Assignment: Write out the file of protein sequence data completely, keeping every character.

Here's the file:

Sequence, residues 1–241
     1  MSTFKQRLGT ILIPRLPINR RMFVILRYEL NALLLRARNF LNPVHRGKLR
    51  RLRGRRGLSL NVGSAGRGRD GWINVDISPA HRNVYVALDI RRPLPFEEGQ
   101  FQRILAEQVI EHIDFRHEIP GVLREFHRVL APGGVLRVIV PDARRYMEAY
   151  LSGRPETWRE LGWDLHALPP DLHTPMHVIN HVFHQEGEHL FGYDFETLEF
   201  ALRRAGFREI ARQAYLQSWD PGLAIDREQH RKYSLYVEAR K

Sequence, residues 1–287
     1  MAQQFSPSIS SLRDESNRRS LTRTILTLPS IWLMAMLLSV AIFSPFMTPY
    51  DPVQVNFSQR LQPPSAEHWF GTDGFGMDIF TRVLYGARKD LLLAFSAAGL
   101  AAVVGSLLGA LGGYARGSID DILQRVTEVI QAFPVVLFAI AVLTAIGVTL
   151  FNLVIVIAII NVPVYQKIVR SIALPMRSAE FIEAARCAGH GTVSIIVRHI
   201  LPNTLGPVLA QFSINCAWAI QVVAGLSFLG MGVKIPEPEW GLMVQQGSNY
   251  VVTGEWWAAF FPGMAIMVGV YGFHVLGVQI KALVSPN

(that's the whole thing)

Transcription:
Sequence, residues 1–241
     1  MSTFKQRLGT ILIPRLPINR RMFVILRYEL NALLLRARNF LNPVHRGKLR
    51  RLRGRRGLSL NVGSAGRGRD GWINVDISPA HRNVYVALDI RRPLPFEEGQ
   101  FQRILAEQVI EHIDFRHEIP GVLREFHRVL APGGVLRVIV PDARRYMEAY
   151  LSGRPETWRE LGWDLHALPP DLHTPMHVIN HVFHQEGEHL FGYDFETLEF
   201  ALRRAGFREI ARQAYLQSWD PGLAIDREQH RKYSLYVEAR K

Sequence, residues 1–287
     1  MAQQFSPSIS SLRDESNRRS LTRTILTLPS IWLMAMLLSV AIFSPFMTPY
    51  DPVQVNFSQR LQPPSAEHWF GTDGFGMDIF TRVLYGARKD LLLAFSAAGL
   101  AAVVGSLLGA LGGYARGSID DILQRVTEVI QAFPVVLFAI AVLTAIGVTL
   151  FNLVIVIAII NVPVYQKIVR SIALPMRSAE FIEAARCAGH GTVSIIVRHI
   201  LPNTLGPVLA QFSINCAWAI QVVAGLSFLG MGVKIPEPEW GLMVQQGSNY
   251  VVTGEWWAAF FPGMAIMVGV YGFHVLGVQI KALVSPN